2010: Oh no! คุณโกหก!
2011: Oh No! คุณโกหก!
2012: โอ้ไม่! คุณโกหก!

I don’t want to see your face again.
2009: ฉันไม่ต้องการดูหน้าของคุณอีกครั้ง
2010: ฉันไม่อยากเห็นหน้าคุณอีกครั้ง
2011: ฉันไม่ต้องการที่จะเห็นใบหน้าของคุณอีกครั้ง
2012: ฉันไม่ต้องการที่จะเห็นหน้าคุณอีกครั้ง

He is busy lighting a mosquito coil.
2009: พระองค์คือยุ่งแสงสว่างที่ยุงม้วน
2010: เขาเป็นไฟม้วนยุ่งยุง
2011: พระองค์ทรงเป็นแสงยุ่งขดลวดยุง
2012: เขาเป็นแสงสว่างว่างม้วนยุง

Don’t put any fish sauce on the rice. It stinks!
2009: โปรดอย่าวางใดน้ำปลาใน ข้าว. มัน stinks!
2010: ไม่ใส่น้ำปลาบนข้าว It stinks!
2011: ไม่ใส่น้ำปลาใด ๆ บนข้าว มัน stinks!
2012: ไม่ใส่น้ำปลาใด ๆ บนข้าว มันเหม็น!

The first Google Challenge control group…

I first ran these sentences through Google Translate in 2009 and 2010, but I didn’t post them until 2010.

He tells me that he loves me with all his heart.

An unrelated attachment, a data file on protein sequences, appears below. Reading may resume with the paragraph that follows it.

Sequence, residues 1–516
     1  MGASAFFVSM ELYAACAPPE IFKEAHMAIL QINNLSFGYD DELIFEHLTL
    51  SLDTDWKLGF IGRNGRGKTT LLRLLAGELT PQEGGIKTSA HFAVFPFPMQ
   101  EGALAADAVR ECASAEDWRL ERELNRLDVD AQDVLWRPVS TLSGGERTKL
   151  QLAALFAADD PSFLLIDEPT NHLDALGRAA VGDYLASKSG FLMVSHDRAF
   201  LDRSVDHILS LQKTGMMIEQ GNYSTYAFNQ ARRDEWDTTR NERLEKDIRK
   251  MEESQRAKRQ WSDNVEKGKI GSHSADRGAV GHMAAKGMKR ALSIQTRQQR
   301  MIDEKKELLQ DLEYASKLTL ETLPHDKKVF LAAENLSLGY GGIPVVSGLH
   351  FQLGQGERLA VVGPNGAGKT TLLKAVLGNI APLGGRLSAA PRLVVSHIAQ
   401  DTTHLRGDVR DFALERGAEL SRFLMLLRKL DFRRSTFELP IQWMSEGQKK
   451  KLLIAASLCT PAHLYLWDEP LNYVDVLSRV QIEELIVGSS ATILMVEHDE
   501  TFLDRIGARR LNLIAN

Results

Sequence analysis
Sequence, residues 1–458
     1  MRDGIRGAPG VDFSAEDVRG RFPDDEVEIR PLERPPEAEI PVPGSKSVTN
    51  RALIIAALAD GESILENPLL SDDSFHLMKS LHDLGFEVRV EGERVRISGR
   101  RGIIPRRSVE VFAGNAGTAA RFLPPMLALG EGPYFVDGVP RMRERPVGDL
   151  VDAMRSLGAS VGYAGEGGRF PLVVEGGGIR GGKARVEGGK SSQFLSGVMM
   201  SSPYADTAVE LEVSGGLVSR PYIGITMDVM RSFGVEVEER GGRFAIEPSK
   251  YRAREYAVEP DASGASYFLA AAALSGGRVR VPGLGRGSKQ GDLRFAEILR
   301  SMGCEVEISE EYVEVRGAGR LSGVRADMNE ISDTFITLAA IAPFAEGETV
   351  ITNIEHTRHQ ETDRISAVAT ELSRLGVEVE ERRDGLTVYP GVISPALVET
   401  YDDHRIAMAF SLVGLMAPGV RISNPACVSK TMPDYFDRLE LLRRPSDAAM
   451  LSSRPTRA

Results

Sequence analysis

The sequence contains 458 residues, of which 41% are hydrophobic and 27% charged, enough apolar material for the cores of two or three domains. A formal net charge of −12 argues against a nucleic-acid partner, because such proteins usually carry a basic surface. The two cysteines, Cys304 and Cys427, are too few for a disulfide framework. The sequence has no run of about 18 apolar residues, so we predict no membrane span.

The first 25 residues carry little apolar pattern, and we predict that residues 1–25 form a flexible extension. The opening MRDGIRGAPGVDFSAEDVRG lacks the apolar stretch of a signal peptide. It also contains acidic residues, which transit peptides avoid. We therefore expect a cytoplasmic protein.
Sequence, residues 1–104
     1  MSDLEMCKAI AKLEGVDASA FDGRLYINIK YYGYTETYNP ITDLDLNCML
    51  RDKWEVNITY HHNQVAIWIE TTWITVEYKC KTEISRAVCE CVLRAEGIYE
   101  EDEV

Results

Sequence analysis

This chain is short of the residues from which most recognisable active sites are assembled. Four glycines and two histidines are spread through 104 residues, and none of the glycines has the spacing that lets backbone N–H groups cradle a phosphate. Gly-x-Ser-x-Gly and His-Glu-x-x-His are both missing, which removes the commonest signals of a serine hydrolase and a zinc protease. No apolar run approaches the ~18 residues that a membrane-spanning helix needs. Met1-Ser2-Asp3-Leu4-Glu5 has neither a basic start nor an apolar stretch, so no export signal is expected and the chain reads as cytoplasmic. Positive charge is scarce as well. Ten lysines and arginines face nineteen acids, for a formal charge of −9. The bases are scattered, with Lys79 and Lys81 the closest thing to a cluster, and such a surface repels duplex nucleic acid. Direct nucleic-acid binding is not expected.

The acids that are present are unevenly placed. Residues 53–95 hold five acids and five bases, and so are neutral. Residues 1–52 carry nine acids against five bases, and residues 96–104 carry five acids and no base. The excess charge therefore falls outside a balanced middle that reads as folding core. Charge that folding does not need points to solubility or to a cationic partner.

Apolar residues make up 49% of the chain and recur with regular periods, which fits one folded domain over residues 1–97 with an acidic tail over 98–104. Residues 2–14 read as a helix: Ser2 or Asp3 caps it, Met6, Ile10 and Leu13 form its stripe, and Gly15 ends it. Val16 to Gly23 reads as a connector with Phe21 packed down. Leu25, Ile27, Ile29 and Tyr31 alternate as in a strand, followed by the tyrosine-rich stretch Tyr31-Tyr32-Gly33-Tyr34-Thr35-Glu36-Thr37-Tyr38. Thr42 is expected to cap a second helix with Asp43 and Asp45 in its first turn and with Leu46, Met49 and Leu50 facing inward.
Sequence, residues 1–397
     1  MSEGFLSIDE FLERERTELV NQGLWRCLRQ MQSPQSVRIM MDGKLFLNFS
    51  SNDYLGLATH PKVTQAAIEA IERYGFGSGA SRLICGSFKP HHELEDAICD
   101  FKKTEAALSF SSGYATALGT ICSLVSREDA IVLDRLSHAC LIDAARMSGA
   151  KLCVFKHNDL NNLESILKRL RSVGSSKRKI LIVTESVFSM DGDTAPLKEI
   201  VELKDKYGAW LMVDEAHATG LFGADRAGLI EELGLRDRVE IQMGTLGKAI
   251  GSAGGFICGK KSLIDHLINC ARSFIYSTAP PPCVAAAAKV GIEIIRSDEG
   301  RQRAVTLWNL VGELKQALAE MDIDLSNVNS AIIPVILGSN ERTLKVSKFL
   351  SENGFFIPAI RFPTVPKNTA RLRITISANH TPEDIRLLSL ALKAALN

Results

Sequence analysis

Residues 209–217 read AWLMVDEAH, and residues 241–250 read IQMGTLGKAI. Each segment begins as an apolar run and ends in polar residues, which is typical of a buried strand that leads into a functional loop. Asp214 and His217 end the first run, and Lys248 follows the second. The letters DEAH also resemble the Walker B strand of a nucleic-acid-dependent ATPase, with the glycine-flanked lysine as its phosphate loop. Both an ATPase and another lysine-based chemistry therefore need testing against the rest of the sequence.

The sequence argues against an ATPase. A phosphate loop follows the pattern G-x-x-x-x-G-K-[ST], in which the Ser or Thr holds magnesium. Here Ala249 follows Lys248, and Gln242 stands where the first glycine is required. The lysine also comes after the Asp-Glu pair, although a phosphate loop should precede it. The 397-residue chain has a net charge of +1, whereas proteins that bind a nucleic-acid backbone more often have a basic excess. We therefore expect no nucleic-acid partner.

2009: เขาบอกผมว่าเขารักฉันกับหัวใจของเขาทั้งหมด
2010: เขาบอกว่าเขารักฉันด้วยหัวใจทั้งหมดของเขา
2011: เขาบอกผมว่าเขารักฉันด้วยหัวใจของเขา
2012: เขาบอกฉันว่าเขารักฉันด้วยหัวใจทั้งหมดของเขา

Do you speak English?
2009: คุณพูดภาษาอังกฤษ?
2010: คุณพูดภาษาอังกฤษ
2011: คุณพูดภาษาอังกฤษ?
2012: คุณพูดภาษาอังกฤษ? /kun pôot paa-săa ang-grìt/

What did the nurse say?
2009: อะไรได้พยาบาลกล่าว?
2010: พยาบาลพูดว่าอะไร?
2011: พยาบาลพูดว่าอะไร?
2012: พยาบาลพูดว่าอะไร?

That water buffalo meat comes from the north.
2009: นั่นควายเนื้อมาจากทางเหนือ
2010: ที่เนื้อควายมาจากภาคเหนือ
2011: ว่าเนื้อควายมาจากทางทิศเหนือ
2012: ว่าเนื้อควายมาจากทางทิศเหนือ

Please give me a glass of orange juice.
2009: กรุณาให้ฉันหนึ่งแก้วน้ำส้ม
2010: กรุณาให้แก้วน้ำสีส้ม